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  • Entertainment

THEATRE: Look Back in Anger stirs the emotions

Wednesday, 28th February, 2018 7:00pm
THEATRE: Look Back in Anger stirs the emotions

Ian Toner as Jimmy Porter. PHOTO: LUCA TRUFFARELLI 

THEATRE: Look Back in Anger stirs the emotions

Ian Toner as Jimmy Porter. PHOTO: LUCA TRUFFARELLI 

RICHARD Burton may be best known as the husband of Elizabeth Taylor and the Marc Anthony to her Cleopatra, but the gravel voiced Welshman also played more mundane roles. 

One such part was that of irate Jimmy Porter in writer John Osborne’s film adaptation of his 1950s groundbreaking play, ‘Look Back in Anger’.

Over 60 years later and award winning Irish director, Annabelle Comyn, has taken the potentially dated stage piece and turned it into a fresh and modern offering with a run at the Gate Theatre until March 24. 

Jimmy (Ian Toner) is to put it mildly, angry with the world. Like many Englishmen of his generation, he’s also obsessed with his position in society and expends great effort trying to compensate by taking out his frustration on wife Alison and flatmate Cliff. 

Alison (Clare Dunne) annoyingly sits a class above her husband and friend Cliff (Lloyd Cooney), satisfyingly, a notch or two below.

The story develops from the initial set-up where Jimmy firmly puts everyone in their place, (including Alison who is chained to the ironing board), to explore the impact of one man’s destructive behaviour on all those around him.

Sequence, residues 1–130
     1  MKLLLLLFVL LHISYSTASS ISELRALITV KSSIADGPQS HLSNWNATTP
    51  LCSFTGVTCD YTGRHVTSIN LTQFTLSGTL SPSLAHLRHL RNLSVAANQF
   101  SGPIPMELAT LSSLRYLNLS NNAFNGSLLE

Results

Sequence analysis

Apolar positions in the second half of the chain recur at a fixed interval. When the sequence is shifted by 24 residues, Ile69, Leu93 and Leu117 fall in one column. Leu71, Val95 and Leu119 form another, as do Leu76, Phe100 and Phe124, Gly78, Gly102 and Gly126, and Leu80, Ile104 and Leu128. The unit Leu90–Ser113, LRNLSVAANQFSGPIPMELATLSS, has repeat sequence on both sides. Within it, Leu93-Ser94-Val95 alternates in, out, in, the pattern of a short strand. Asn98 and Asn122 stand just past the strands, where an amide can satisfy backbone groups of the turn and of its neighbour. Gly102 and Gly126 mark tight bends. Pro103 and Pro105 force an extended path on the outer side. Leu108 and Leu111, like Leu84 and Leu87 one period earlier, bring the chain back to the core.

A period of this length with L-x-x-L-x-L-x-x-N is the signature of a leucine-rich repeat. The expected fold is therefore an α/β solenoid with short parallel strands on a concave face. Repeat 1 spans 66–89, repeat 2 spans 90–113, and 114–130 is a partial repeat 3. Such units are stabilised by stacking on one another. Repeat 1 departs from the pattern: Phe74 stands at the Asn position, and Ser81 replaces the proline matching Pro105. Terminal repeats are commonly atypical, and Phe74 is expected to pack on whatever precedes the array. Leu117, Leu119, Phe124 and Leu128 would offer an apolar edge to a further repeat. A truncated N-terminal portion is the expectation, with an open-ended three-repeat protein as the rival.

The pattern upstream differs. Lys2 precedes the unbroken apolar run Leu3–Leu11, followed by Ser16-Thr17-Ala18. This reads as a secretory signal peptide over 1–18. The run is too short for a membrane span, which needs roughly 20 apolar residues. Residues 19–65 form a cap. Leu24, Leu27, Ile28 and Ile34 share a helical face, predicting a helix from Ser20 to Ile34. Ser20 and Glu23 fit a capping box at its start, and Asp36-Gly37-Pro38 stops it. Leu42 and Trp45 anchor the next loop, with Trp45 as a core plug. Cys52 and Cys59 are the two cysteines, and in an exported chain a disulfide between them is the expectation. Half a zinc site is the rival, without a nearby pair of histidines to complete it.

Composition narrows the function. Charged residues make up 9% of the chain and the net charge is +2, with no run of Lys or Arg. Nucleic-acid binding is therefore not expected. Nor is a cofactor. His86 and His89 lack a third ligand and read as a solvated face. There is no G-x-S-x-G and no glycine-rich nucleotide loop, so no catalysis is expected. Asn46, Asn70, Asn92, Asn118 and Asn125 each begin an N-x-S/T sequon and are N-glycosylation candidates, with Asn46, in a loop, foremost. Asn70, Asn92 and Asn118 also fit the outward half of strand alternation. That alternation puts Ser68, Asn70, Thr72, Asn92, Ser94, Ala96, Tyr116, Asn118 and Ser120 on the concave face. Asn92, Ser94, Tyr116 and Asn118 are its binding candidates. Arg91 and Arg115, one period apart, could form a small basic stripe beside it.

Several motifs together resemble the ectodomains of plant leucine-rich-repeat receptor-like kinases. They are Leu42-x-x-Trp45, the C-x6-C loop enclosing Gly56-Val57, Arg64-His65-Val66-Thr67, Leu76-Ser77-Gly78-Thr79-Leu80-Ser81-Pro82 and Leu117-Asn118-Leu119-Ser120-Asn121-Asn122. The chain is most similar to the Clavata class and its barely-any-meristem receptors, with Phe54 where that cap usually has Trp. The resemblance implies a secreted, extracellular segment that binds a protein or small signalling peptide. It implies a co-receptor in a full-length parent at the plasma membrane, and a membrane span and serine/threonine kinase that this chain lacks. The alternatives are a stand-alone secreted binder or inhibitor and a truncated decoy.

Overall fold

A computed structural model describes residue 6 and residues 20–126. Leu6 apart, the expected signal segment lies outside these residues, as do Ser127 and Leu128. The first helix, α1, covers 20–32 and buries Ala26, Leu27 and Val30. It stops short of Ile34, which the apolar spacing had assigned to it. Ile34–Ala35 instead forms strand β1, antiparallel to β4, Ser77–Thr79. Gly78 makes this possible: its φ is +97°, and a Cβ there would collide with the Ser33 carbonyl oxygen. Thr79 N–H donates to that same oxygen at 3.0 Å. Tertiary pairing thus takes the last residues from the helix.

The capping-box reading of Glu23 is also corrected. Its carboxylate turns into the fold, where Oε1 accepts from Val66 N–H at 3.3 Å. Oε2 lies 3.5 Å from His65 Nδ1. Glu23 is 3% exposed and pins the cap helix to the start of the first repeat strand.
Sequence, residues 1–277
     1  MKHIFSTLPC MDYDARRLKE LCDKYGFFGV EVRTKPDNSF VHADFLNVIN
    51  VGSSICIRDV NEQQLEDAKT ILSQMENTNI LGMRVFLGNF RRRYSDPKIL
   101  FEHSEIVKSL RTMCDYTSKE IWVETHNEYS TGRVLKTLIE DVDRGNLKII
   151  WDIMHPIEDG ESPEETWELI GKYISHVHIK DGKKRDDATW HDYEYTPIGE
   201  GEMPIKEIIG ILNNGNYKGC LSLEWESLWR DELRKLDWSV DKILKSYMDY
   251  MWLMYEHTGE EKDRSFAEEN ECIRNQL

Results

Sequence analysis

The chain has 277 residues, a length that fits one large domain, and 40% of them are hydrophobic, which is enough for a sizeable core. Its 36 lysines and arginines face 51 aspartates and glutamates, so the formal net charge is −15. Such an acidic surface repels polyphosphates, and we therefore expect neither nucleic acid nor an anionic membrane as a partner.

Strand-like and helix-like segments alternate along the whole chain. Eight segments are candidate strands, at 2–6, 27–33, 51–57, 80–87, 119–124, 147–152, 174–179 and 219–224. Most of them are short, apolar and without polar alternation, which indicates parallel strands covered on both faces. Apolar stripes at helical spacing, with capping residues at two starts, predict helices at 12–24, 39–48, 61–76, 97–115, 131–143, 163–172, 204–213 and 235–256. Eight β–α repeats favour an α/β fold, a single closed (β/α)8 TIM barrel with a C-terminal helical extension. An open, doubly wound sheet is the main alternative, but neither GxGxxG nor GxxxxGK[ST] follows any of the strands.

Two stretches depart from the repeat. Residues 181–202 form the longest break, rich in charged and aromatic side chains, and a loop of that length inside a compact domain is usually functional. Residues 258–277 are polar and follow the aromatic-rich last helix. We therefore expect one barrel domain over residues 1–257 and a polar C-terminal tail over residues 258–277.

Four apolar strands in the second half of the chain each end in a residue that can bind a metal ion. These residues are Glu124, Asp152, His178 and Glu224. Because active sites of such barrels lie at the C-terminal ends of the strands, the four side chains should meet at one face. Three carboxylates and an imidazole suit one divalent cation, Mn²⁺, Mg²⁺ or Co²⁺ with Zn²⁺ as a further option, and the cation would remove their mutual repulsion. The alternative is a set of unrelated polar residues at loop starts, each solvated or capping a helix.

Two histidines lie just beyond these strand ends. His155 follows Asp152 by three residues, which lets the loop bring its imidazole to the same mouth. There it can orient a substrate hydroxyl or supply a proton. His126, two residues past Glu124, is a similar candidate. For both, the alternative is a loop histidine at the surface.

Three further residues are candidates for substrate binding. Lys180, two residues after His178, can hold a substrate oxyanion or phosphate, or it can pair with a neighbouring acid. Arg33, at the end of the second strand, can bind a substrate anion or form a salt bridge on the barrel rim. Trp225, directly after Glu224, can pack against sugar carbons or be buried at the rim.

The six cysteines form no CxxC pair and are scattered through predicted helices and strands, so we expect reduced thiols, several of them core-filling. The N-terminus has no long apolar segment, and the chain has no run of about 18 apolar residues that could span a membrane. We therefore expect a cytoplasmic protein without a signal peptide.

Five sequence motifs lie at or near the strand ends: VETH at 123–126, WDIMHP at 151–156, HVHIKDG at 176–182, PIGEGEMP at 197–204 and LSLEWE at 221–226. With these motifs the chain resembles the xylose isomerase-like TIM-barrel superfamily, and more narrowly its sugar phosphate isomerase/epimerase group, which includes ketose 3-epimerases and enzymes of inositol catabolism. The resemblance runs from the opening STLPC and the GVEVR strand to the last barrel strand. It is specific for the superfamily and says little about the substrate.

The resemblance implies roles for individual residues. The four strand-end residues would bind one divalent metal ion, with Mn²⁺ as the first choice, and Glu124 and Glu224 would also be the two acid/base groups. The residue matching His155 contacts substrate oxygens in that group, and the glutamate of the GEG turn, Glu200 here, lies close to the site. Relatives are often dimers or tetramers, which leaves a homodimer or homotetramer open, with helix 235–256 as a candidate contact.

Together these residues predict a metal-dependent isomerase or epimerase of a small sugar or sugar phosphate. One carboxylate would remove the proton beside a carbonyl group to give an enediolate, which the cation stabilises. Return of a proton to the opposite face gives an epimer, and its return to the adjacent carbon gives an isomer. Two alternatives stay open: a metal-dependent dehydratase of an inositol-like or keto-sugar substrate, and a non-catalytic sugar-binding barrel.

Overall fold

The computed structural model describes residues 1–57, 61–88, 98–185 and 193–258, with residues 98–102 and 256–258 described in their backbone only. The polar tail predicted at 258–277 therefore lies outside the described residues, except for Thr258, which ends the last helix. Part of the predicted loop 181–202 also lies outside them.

There is little doubt that the play in its original form has less relevance today, and that fact must have been obvious to Comyn who has shaken up things considerably with this new production. 

The set is housed in a large recording booth with actors still visible as they exit to take a drink or more interestingly, read some of the stage direction as voiceover. 

Comyn has taken the bold decision for the actors, especially the female ones, not to follow some of the original script (which we still hear). An act of defiance perhaps, commentary on how we have moved on. 

Despite these innovations, it’s still hard to fully comprehend Jimmy’s anger, his obsession with class and the fact that his wife could be so subservient. 

The play may be best viewed as a snapshot of history, with modern techniques that help make those indigestible elements more palatable. It’s definitely worth a watch, earning our review score of 3 stars.  

• Movie of the week - I, Tonya - 4 Stars

Paul O’Rourke


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